An ongoing New York Times series entitled God and Mammon asks prominent Christian thinkers, “Has contemporary American capitalism become incompatible with Christian values?” The answers from these thinkers cover the spectrum from pro- to contra-capitalism, reminding us how controversial the topic is even within the Christian church. Arguments made in favour of capitalism include its lifting large parts of the globe out of poverty over the last two hundred years and increasing average life expectancies, and the reliance of capitalism on law and moral virtue to operate. Arguments against capitalism point to rising inequality and consumerism and the reliance of capitalism on self-interest to operate.
Colleen Carroll Campbell’s article captures well the pros and cons of capitalism. However, her conclusion, that “Christians must constantly wrestle with the tension of worshipping a God who became poor while living in a culture where money talks,” falls short. For the Christian has the opportunity to be salt and light in that culture, pointing out faults and offering alternatives.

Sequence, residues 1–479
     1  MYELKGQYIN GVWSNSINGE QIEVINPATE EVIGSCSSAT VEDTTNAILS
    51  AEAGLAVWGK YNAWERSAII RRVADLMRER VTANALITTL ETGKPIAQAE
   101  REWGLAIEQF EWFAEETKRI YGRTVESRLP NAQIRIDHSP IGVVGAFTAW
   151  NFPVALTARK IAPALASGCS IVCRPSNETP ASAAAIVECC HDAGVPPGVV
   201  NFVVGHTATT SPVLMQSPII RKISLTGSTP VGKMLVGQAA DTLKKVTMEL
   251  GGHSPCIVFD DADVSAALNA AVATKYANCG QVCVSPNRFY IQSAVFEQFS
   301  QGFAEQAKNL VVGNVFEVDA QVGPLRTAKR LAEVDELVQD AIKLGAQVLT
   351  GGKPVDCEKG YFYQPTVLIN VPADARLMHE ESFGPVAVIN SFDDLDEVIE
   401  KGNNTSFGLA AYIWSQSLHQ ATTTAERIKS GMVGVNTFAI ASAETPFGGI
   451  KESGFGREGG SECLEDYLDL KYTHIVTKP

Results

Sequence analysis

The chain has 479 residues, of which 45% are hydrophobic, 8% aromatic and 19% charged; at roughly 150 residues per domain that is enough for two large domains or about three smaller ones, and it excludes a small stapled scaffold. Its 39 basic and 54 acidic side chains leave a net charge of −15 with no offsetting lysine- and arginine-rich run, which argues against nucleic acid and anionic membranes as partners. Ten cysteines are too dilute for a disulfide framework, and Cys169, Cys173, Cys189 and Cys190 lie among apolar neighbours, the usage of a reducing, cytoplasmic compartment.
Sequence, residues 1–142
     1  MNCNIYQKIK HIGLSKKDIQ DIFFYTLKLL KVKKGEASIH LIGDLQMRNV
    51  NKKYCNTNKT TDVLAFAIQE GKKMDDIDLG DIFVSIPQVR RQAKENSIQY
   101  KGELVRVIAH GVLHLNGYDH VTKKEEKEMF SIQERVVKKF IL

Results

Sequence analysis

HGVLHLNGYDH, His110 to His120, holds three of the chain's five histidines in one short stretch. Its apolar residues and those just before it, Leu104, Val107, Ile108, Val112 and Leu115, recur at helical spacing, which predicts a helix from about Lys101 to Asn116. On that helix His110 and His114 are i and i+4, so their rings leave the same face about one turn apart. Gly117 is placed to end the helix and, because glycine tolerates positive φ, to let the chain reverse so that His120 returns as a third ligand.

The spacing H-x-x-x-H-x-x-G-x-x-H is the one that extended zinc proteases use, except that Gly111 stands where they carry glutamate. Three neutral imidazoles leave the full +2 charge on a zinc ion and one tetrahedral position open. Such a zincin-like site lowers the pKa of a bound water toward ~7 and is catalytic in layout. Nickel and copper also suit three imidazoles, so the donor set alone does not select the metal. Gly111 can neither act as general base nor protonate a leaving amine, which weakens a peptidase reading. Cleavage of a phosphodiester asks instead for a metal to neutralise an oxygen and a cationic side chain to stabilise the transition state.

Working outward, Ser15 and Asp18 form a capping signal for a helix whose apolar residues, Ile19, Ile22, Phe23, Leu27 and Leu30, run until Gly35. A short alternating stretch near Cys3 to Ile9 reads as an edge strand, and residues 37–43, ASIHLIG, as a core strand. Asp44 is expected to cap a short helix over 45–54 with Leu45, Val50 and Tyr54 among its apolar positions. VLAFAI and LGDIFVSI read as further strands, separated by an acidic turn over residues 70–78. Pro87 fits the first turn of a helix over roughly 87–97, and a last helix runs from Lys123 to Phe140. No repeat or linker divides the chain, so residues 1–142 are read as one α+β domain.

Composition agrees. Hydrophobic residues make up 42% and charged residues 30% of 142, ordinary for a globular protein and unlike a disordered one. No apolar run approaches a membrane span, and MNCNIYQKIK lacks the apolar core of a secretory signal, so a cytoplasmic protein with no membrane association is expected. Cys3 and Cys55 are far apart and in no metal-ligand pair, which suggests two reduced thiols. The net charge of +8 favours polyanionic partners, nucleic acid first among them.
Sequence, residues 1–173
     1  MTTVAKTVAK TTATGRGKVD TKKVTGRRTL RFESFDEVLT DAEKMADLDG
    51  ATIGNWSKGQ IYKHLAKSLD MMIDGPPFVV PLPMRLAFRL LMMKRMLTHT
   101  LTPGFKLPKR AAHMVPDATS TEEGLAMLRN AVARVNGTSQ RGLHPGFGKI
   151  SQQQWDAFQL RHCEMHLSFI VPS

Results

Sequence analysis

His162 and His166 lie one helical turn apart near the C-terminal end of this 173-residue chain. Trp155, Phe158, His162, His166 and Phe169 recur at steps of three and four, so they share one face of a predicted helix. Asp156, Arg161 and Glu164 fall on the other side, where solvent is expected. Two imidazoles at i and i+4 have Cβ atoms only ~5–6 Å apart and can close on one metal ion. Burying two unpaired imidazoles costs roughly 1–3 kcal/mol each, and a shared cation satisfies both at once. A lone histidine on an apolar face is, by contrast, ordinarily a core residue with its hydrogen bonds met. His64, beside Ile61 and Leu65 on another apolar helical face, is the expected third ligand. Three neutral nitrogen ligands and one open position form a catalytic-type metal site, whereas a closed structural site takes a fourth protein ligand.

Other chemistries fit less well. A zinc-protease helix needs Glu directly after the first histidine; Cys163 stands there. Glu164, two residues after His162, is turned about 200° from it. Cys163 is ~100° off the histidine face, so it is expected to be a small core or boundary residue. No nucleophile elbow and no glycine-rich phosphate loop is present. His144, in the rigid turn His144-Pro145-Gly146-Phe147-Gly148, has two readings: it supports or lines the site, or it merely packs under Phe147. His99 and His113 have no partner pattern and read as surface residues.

How can Christians be salt and light in a business culture where, at times, the profit motive takes priority over all other motives?
Is Michael Hodson right that there is such a thing as “a distinctive Christian enterprise”? How might Christian business-people incorporate this vision into their business?
Source: The New York TimesView This Resource